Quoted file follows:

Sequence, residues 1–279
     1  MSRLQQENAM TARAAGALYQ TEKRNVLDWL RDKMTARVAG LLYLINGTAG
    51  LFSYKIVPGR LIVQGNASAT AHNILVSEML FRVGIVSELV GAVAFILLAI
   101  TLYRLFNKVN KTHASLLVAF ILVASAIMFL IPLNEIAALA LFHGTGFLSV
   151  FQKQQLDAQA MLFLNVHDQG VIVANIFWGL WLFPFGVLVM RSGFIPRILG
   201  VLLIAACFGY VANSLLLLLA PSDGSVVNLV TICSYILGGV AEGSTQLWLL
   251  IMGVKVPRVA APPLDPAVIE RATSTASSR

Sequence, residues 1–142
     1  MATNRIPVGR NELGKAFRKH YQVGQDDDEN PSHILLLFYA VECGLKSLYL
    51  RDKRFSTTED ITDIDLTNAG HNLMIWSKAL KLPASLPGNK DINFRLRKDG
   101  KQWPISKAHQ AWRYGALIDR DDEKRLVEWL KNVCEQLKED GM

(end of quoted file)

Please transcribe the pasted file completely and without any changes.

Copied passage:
Sequence, residues 1–279
     1  MSRLQQENAM TARAAGALYQ TEKRNVLDWL RDKMTARVAG LLYLINGTAG
    51  LFSYKIVPGR LIVQGNASAT AHNILVSEML FRVGIVSELV GAVAFILLAI
   101  TLYRLFNKVN KTHASLLVAF ILVASAIMFL IPLNEIAALA LFHGTGFLSV
   151  FQKQQLDAQA MLFLNVHDQG VIVANIFWGL WLFPFGVLVM RSGFIPRILG
   201  VLLIAACFGY VANSLLLLLA PSDGSVVNLV TICSYILGGV AEGSTQLWLL
   251  IMGVKVPRVA APPLDPAVIE RATSTASSR

Sequence, residues 1–142
     1  MATNRIPVGR NELGKAFRKH YQVGQDDDEN PSHILLLFYA VECGLKSLYL
    51  RDKRFSTTED ITDIDLTNAG HNLMIWSKAL KLPASLPGNK DINFRLRKDG
   101  KQWPISKAHQ AWRYGALIDR DDEKRLVEWL KNVCEQLKED GM